Joan Armatrading’s career has been quite remarkable when you think about it. Not really a household name nor tabloid fodder, her strength lies in quiet consistency and a humble, almost unassuming worldview. Her music, an eclectic mix of pop, rock, folk and blues, is delivered with the stance of a singer/songwriter who has gently shifted gears throughout her 40-year career. Sometimes she has leaned on the poppier side of things, sometimes she’s more introspective and sometimes it’s all about the blues. Sometimes it’s simply a matter of letting it rip, as her most recent albums have proved. But despite her chosen style and colouring at any given time, Armatrading’s unique voice and artistry runs lika a pure thread through them all.
Her latest albums, Lovers Speak (2003), Into the Blues (2007) and This Charming Life (2010), have been quite a feat, showing maturity and grace not always present in artists that manage to sustain a career for that long. This fact is hammered in on this very fine live set, recorded at the Royal Albert Hall, while she was touring the aforementioned This Charming Life backed by bassist John Giblin, drummer and saxophonist Gary Foote, and keyboardist Spencer Cozens. All the six-string action is handled by Armatrading herself.
The concert is spread over two CDs (a single edition is also available, as well as a CD/DVD combo), starting off with the robust title track from 1977’s Show Some Emotion. The first half of the set relies on more recent material. We get “Something’s Gotta Blow”, “A Woman In Love” and “Into the Blues” from Into the Blues and “Two Tears”, “Promises”, “Cry” and “Love Love Love” from This Charming Life. Newcomers to Armatrading are likely to be surprised by the sheer force of the delivery here and the range of the compositions, veering from husky ballads to all out rockers. Into The Blues, for instance, has been wrongly presented in most reviews as some kind of a purist blues album, which it isn’t. Armatrading on the other hand makes use of the form as a palette for her own, unique songwriting, resulting in bluesy songs like the powerful “Something’s Gotta Blow”. It lives up to its title, giving way to a howling and expressive guitar workouts by Armatrading. Her playing is outstanding throughout the album; forceful yet emotional. Simply put, she rocks.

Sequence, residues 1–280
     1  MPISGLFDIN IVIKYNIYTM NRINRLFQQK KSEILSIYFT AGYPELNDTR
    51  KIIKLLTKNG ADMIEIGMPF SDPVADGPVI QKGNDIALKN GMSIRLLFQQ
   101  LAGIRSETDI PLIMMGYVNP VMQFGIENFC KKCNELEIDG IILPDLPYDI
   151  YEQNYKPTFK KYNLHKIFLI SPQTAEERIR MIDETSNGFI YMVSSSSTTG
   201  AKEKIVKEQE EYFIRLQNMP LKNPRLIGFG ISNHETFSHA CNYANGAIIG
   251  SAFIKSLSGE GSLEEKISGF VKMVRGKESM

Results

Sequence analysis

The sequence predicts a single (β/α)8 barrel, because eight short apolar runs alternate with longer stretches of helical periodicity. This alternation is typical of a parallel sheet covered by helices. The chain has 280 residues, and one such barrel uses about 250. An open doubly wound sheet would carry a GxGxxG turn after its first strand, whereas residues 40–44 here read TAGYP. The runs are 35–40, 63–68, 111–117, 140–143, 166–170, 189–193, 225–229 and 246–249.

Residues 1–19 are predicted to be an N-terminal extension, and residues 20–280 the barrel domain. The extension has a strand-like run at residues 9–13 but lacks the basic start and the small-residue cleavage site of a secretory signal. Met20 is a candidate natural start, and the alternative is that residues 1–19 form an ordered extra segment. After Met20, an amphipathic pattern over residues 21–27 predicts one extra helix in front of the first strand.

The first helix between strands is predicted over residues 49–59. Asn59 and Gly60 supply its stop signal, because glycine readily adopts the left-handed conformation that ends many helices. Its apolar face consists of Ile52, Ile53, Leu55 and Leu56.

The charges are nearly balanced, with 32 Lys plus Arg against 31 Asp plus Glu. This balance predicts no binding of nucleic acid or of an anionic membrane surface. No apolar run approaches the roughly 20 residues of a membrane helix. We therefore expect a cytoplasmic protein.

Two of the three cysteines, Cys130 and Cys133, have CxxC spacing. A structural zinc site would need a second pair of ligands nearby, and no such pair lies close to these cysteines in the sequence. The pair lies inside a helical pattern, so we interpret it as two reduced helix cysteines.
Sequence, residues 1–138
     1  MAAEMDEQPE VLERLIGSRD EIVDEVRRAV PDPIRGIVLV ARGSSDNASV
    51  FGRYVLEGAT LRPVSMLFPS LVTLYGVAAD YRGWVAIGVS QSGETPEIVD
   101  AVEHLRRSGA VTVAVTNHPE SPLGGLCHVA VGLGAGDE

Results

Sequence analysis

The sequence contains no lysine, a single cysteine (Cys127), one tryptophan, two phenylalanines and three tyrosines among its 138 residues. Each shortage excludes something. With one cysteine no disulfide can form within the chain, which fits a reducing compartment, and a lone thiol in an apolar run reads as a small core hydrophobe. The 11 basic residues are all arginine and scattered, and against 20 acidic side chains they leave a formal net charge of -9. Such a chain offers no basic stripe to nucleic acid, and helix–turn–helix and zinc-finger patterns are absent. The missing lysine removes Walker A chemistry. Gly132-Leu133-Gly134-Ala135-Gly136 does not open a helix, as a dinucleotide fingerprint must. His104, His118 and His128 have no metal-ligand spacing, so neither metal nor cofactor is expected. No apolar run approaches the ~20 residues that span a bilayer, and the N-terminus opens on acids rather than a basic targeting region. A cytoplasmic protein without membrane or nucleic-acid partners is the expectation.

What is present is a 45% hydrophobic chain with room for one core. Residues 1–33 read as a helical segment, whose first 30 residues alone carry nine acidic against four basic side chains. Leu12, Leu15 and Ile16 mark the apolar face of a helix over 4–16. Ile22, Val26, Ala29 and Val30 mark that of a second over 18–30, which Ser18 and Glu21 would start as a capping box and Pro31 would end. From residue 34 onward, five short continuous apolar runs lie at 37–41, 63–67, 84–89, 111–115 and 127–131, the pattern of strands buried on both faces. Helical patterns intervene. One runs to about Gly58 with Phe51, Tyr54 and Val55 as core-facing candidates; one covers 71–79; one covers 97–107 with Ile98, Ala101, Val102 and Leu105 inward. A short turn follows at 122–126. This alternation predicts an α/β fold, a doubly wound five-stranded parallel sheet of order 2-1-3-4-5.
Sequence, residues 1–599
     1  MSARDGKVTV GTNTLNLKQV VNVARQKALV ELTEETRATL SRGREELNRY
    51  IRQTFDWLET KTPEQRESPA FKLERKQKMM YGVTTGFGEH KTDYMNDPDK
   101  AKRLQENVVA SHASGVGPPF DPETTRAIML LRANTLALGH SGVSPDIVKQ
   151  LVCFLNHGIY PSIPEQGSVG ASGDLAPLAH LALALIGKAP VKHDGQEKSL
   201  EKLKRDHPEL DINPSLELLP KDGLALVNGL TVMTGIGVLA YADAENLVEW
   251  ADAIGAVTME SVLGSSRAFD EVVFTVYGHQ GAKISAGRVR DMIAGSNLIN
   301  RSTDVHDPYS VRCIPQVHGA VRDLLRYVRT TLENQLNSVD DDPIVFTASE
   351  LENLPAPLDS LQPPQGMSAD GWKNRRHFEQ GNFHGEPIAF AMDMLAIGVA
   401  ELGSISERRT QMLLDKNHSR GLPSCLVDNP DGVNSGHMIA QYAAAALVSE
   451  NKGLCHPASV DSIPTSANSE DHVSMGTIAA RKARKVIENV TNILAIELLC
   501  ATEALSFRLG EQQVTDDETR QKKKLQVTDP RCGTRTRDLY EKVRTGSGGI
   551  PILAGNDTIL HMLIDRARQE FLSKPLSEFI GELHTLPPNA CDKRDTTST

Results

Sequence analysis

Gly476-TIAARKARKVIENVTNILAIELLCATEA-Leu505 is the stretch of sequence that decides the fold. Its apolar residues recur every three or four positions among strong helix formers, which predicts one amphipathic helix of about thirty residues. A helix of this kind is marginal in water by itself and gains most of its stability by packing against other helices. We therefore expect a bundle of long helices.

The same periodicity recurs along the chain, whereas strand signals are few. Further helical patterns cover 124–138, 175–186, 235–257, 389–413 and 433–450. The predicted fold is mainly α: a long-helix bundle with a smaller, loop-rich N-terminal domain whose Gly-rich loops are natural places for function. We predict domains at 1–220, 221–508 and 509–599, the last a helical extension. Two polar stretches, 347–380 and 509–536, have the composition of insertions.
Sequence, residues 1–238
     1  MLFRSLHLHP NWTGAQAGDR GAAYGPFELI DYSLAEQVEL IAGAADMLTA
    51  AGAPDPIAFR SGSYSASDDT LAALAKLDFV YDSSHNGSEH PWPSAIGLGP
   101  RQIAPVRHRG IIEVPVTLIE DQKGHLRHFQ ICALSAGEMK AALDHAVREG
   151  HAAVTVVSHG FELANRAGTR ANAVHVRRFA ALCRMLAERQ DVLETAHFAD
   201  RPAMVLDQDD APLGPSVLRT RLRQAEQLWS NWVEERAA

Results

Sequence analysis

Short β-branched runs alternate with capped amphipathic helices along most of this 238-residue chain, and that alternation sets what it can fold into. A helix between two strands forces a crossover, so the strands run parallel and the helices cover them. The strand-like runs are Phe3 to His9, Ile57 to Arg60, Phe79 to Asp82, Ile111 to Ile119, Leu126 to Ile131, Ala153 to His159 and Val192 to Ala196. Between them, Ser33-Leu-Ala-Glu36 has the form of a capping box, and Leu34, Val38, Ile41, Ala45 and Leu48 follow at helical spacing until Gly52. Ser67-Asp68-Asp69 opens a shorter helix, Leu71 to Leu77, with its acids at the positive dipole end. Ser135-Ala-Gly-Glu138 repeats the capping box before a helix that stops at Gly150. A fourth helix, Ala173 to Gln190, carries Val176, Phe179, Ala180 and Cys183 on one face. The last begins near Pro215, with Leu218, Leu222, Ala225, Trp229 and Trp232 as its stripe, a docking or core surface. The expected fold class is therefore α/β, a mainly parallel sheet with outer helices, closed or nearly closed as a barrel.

But the blues-inspired offerings here are easily trumped by the material from the excellent This Charming Life. There’s an urgency and gusto to the performances that really astound. Take “Two Tears” and “Cry”, for example, with their naked, lovelorn lyrics. Armatrading’s singing here is emotional, heartfelt, graceful … uplifting really.
The second CD introduces somewhat better-known material. “Call Me Names” from the The Key gets an outing and “Willow”, one of her better known tracks, is played as we near the end. And, unsurprisingly, “Drop The Pilot”, the closest she’s ever gotten to having a worldwide hit. All in all, this is a very fine document of a great artist in full bloom - 40 years into her career. Remarkable, really.
- Multiple songs Artist site
// Sound Affects
"The man whose songs were recorded by Johnny Cash, Alan Jackson, Ricky Skaggs, David Allan Coe, The Highwaymen, and countless others succumbs to time’s cruel cue that the only token of permanence we have to offer are the effects of shared moments and memories.READ the article